For people who are retired or are at retirement age, you might wonder how you can keep your heart healthy while having fun during your free time. Luckily, there are some simple things that you can do to stay healthy and feel great.
Understand Your Medical History
Learning about your personal medical history can help you take better care of yourself. Take time to read over your medical records and ask family members about any instances of heart disease or other illnesses in your family tree. You can use this knowledge to detect future health problems early.
Reduce Alcohol Intake
Research has found that older adults who do not consume alcohol have a lower risk of heart disease and strokes than aging adults who do drink. If you’re over 65 and in good health, consider cutting back or going alcohol-free to see if it improves your cardiovascular health.
Reduce Salt Intake
Overeating salt can increase blood pressure—and too high blood pressure can damage your arteries, increasing your risk of heart disease and stroke. Reducing your salt intake means fewer headaches, decreased risk of injury from falls, improved kidney function, and reduced fatigue. Experts recommend no more than 2,400 milligrams per day for healthy adults; however, most people get more than that through food alone.
Exercise is a beautiful way to promote a healthy heart. Some exercise is better than none, so be sure to at least walk each day. If you can do more, all the better! A ten-minute walk every day burns almost as many calories as an hour of tennis or a forty-five-minute run. That extra effort has additional benefits beyond your heart: Physical activity contributes to weight loss and weight management, which helps lower cholesterol levels and improves overall health. Plus, it will help you sleep better at night!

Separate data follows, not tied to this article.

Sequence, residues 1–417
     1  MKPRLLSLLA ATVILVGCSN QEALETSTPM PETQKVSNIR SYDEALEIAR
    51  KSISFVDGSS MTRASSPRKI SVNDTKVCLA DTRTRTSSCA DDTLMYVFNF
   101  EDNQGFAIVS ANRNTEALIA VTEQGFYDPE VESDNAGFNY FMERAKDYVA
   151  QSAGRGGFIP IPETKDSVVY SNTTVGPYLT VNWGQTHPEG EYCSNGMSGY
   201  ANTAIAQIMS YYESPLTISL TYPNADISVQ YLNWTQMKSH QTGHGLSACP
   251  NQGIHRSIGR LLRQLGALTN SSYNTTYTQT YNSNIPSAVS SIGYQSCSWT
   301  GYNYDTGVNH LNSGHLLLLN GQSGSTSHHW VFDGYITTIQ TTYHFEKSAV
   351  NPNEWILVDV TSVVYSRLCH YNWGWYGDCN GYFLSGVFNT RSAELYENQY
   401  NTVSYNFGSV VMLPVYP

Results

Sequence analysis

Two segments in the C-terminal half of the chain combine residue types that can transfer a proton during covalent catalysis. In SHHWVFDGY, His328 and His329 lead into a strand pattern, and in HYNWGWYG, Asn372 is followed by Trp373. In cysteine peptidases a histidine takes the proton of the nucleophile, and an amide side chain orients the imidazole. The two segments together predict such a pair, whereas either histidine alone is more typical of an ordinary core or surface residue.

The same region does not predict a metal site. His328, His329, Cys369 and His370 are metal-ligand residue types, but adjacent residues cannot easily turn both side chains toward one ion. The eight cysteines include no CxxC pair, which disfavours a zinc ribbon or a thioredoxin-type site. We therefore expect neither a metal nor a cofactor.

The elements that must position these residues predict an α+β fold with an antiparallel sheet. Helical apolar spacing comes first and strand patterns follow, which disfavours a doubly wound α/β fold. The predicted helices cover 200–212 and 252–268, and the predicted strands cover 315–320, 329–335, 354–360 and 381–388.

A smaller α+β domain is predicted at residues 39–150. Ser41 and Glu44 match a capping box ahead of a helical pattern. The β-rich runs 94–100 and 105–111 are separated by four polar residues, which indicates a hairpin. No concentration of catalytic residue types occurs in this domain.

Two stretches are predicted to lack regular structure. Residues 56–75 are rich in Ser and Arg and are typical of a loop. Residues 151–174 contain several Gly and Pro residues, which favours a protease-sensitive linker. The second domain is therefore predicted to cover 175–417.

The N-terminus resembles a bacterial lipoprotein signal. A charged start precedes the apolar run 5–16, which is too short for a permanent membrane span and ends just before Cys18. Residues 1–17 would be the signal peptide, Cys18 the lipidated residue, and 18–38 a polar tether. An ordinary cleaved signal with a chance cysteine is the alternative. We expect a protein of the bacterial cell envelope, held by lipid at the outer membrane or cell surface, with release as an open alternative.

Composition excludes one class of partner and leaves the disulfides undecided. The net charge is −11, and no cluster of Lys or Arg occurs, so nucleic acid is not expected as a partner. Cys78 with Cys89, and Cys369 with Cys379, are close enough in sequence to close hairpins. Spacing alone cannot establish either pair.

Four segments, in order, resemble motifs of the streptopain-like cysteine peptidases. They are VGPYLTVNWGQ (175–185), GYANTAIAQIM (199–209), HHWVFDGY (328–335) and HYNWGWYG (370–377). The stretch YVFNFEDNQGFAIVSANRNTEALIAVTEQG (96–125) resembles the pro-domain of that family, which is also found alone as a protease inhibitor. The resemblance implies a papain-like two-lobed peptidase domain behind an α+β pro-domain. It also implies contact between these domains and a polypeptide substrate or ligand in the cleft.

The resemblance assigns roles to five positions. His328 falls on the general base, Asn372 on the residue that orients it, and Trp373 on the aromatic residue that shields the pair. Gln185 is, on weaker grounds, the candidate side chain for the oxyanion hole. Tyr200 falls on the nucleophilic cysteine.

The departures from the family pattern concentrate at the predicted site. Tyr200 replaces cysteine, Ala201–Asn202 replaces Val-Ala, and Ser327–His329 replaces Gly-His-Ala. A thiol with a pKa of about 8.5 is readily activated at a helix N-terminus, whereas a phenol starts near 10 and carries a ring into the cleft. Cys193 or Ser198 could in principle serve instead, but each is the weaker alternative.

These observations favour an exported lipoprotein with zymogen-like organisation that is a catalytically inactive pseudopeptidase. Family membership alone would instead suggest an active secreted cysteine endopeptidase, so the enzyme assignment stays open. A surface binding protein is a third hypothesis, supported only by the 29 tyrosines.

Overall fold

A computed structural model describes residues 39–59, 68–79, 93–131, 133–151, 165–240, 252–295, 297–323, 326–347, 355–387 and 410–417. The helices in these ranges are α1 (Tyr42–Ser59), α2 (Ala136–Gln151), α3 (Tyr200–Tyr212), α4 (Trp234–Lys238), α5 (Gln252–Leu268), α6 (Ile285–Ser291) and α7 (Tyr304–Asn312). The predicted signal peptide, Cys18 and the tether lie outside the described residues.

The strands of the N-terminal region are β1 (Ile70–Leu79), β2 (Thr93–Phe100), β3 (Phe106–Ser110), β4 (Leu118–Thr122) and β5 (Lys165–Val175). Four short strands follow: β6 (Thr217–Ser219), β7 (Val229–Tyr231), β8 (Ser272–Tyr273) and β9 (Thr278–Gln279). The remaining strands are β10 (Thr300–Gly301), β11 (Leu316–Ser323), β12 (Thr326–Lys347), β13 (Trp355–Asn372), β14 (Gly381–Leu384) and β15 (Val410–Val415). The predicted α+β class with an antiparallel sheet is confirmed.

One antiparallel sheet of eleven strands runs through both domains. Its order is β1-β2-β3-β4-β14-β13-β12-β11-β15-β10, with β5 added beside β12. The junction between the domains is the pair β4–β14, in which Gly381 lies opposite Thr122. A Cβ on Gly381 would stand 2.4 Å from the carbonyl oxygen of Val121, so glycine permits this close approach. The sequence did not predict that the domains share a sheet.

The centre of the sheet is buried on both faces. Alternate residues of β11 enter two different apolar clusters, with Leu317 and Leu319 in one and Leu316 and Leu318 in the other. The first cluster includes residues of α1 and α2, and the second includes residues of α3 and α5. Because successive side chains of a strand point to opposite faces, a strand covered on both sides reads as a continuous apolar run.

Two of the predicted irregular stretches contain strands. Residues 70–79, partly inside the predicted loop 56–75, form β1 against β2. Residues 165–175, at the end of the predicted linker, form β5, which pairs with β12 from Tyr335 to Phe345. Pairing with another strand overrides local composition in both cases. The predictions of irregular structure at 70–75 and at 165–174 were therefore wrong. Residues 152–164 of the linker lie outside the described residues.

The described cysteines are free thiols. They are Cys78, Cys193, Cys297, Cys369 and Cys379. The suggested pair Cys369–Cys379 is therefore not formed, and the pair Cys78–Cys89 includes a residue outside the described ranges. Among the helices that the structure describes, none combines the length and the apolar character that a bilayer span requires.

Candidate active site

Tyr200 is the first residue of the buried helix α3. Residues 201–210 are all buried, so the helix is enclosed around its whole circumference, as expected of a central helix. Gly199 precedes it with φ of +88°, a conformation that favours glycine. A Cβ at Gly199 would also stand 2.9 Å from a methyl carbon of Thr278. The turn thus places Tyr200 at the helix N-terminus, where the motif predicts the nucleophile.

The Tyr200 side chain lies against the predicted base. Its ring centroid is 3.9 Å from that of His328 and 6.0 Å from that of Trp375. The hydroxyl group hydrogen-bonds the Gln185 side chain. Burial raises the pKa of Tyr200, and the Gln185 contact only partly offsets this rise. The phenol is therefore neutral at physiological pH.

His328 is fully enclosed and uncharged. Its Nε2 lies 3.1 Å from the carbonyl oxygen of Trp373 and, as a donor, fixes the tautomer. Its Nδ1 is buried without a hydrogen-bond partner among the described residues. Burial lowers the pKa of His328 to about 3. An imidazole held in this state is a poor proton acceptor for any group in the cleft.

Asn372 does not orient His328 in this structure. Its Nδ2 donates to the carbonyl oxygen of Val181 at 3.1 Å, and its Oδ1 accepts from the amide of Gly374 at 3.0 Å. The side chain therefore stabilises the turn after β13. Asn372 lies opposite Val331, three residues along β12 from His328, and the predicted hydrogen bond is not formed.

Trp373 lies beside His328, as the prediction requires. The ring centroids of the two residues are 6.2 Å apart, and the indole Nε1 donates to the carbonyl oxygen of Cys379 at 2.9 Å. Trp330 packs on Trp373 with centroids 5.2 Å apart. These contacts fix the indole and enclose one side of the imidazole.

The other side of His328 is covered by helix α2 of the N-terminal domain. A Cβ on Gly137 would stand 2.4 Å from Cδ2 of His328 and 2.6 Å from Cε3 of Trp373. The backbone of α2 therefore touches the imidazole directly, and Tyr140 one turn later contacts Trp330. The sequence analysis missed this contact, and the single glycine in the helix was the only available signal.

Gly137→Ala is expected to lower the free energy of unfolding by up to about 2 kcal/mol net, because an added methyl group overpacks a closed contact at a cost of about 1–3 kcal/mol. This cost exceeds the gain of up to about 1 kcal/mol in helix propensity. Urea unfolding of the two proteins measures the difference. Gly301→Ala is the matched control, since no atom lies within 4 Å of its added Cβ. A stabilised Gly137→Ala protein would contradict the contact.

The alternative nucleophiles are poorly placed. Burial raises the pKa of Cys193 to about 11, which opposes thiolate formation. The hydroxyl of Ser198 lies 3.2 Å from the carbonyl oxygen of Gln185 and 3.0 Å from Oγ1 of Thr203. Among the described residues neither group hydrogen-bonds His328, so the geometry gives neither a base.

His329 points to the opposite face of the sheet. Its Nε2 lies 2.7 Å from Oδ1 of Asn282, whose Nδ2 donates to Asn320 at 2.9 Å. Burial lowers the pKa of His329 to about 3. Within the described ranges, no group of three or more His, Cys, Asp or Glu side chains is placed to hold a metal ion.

Get Your Flu Shot
During flu season, aging family members are vulnerable to viruses. Getting a yearly flu shot is vital for your health, but it’s even more critical if you already have heart problems. There is some evidence that getting a flu shot can lower their risk of death by as much as 50% for aging family members who already have severe heart conditions.
High levels of stress are harmful to your heart. A study published in the journal Circulation found that patients with high-stress levels had a significantly increased risk of cardiovascular disease, especially African Americans. Stress-management techniques like meditation and yoga can help keep your heart healthy and prevent disease. And though sex is not necessarily an exercise, it burns calories and releases endorphins, which both help reduce stress and improve heart health.
Studies show that as we age, sleep is critical to heart health. Many doctors believe that a lack of quality sleep may lead to an increased risk of heart disease and stroke. A National Sleep Foundation poll found that people over 65 years old spend nearly 50 percent less time in bed than they did just 10 years ago, possibly due to aging bodies and minds—and possibly because aging family members today are more likely to work into their 70s than their grandparents were. Therefore, it’s crucial to maintain regular sleeping habits and be mindful of how much sleep is achieved each night.